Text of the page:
6 Scientifically-Validated Principles of Persuasion that are Vital To Business Success
In our increasingly overloaded lives, we are bombarded with advertisements, sales pitches, commercials, and noise. Now, more than ever before in history, do we find that we need mental shortcuts, or rules-of-thumb to help guide our decision-making processes in an endless sea of choices. For decades, researchers have been studying these mental shortcuts that have influenced our behavior, allowing us to be persuaded to comply with the requests of others. While we may believe that we consider all available information when we make decisions, science, surprisingly, shows us that this couldn’t be further from the truth. Behavioral research over the last 60 years has provided us with insight into the universal “shortcuts” that can guide human behavior. In this article, we will discuss the 6 Universal Principles of Persuasion as outlined by Dr. Robert Cialdini, Professor Emeritus of marketing, business, and psychology at Stanford University, and author of New York Times Bestseller Influence: The Psychology of Persuasion. First published in 1984, Influence has sold millions of copies and is still widely regarded as the go-to text on the subject of persuasion principles.
Cialdini spent his entire career studying the science and principles of persuasion. According to Cialdini, over the past 60 years, behavioral research has identified just 6 Universal Principles of Persuasion that guide human behavior. They are:
|Persuasion Principle||Explanation||Application||Rhetoric Element|
|Reciprocity||People repay gestures in kind with gestures.||Be generous and give when you want to receive.||Pathos|
|Scarcity||People want more of what they can have less of.||Offer unique benefits and exclusive information.||Pathos|
|Authority||People defer to those who are experts.||Expose your credibility and use backup for claims.||Logos|
|Consistency||People behave in alignment with identities and commitments.||Acknowledge individual identity and previous commitments.||Pathos|
|Liking||People are influenced by people they like.||Look for real similarities and offer genuine praise.||Ethos|
|Consensus||People follow the lead of those who are similar to them.||Highlight the approval of authority and peers whenever possible.||None|
Understanding these shortcuts and employing them can significantly increase the likelihood that someone will be persuaded by your request, especially if that request is to get someone to buy your brand in a grocery store setting with thousands of products. In other words, knowing these six universal principles of persuasion is critical to your business success, and can make or break your success as a food brand.
The 6 Scientifically-Validated Principles of Persuasion
The ‘Reciprocity’ Principle
Reciprocity is the concept that people feel obligated to return a kindness to others in the form of a behavior, gift, or service which they received from another first. For example, if a friend invites you to their wedding and you give them a financial gift, that friend will later feel an obligation to give you a gift at your wedding. Or, if a colleague does you a favor, then you may experience the feeling that you owe that colleague a favor, and feel a sense of obligation to return the favor when asked. Like the “‘tit-for-tat” rule, science shows that people are more likely to say ‘yes’ to the people they owe. This is the very definition of the social rule and principle of reciprocity.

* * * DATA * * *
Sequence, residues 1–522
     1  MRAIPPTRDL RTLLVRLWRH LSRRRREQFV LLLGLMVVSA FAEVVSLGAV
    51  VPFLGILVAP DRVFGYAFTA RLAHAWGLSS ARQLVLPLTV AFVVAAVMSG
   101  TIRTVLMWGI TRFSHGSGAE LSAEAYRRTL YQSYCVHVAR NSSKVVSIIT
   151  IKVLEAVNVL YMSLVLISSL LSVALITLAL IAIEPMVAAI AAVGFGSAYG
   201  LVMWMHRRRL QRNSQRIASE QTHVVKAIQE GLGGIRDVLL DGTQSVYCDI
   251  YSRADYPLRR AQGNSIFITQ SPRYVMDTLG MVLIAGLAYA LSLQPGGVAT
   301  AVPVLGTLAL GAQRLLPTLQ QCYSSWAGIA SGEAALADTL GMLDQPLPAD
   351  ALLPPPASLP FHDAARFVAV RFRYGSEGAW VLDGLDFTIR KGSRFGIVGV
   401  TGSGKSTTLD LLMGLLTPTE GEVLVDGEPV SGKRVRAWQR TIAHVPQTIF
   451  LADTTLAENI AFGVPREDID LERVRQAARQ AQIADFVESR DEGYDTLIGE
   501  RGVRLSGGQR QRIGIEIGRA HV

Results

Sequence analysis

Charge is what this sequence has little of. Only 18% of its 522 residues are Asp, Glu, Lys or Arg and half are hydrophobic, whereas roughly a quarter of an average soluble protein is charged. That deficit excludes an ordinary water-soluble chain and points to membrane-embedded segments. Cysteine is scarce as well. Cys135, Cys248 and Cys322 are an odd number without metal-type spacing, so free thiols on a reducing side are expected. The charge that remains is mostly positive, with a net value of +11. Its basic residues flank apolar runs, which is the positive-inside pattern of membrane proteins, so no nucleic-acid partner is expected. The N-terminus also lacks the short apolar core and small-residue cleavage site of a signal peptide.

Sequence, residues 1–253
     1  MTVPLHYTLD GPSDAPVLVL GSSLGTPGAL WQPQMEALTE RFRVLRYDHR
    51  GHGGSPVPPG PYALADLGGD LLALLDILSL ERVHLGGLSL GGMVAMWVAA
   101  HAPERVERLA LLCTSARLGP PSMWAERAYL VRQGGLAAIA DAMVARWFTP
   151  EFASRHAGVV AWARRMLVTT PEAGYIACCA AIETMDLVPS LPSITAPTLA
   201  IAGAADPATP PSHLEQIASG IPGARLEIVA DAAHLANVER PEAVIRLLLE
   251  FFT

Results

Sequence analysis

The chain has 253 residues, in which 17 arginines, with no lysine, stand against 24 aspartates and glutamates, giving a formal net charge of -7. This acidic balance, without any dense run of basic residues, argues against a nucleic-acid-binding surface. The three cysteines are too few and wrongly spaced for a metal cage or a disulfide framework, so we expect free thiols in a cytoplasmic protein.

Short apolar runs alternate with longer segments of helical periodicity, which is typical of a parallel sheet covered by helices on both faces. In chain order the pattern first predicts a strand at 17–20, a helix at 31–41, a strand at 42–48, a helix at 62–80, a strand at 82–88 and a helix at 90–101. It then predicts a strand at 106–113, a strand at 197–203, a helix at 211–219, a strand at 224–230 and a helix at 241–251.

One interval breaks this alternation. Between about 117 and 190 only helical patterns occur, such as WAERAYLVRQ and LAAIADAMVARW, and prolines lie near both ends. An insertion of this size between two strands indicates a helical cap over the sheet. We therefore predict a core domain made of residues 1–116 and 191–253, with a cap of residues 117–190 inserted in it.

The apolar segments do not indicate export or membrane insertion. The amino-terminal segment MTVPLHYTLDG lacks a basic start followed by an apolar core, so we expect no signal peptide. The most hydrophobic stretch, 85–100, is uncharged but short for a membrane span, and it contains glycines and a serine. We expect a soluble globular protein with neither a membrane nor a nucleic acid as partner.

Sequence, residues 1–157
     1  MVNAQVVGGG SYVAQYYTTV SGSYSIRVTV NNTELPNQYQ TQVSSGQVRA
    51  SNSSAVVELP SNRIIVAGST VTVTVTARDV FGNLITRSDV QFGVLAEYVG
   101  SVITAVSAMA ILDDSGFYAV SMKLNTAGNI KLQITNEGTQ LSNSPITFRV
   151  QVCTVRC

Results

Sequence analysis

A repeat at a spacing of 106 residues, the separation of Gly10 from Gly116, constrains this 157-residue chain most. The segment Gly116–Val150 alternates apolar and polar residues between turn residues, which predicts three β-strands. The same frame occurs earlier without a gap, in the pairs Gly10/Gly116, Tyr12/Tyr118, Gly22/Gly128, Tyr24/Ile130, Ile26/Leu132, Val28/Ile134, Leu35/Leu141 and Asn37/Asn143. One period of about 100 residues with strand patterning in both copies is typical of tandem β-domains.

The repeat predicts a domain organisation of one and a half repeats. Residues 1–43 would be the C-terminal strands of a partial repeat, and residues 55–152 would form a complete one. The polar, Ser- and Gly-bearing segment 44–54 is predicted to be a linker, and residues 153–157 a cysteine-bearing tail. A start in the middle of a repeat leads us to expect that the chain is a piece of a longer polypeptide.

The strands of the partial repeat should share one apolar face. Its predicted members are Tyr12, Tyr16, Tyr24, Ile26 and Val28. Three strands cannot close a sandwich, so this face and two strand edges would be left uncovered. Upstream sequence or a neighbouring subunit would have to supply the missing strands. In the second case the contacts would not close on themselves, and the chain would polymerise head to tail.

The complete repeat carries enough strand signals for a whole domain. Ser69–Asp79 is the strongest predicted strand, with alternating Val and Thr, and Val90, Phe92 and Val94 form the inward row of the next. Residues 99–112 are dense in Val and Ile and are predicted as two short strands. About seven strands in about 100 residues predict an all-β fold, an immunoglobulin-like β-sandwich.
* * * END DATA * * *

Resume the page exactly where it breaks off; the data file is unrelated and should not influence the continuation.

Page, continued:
One series of studies were conducted to discover the influence of gifts in a restaurant setting show the Principle of Reciprocity in action in an astonishing way. One study found that giving patrons a mint at the end of a meal was likely to increase tips by 3%. You may have expected that if the waiter gave the patrons a gift of two mints, the tips would have doubled. However, tips were found to quadruple— and a 14% increase in tips was found. And, if the waiter initially gave the patrons a mint, began to walk away, and then turned back to give an additional mint saying, “For you nice people, here’s another mint,” tips saw a 23% increase.
What’s the lesson here? Reciprocity is influential in the decision to increase tips, and giving a gift that is personalized and unexpected is even more effective.
The ‘Scarcity’ Principle
Simply put, people want more of those things they can have less of. When British Airways announced in 2003 that they would no longer be operating the twice-daily London—New York Concorde flight because it had become uneconomical to run, sales the very next day took off.
Notice that nothing had changed about the Concorde itself. It certainly didn’t fly any faster, the service didn’t suddenly get better, and the airfare didn’t drop. It had merely become a scarce resource. And as a result, people wanted it more. So when it comes to effectively persuading others using the Scarcity Principle, the science is precise. It’s not enough to tell people about the benefits they’ll gain if they choose your products and services. You’ll also need to point out what is unique about your proposition and what they stand to lose if they fail to consider your proposal.
The ‘Authority’ Principle
The Authority Principle of persuasion is the idea that people follow the lead of credibility.
For example, science shows that Physiotherapists can increase the compliance rates of exercise with their patients if they prominently displayed their medical diplomas on the walls of their offices. It also showed that people were more likely to give change to a complete stranger to pay a parking meter if the requester was wearing a uniform rather than casual clothing. And, it showed that customers who were transferred to real estate agents by secretaries who mentioned their title and years of experience in the field led to a 20% increase in the number of appointments made, and a 15% increase in the number in signed contracts.
In other words, signaling to others that you are a competent, credible authority will influence the outcomes of your request either for patient compliance, change for a parking meter, and sales.
Of course, if you have a food brand, going around and telling potential customers how brilliant you are, or how much better your product is than your competitors can also backfire. However, you can arrange for another party to do this for you. It can be in the form of a medical degree from a university, a testimonial from a satisfied customer, a post from an influencer, and even certification from a third-party organization like the Paleo Foundation.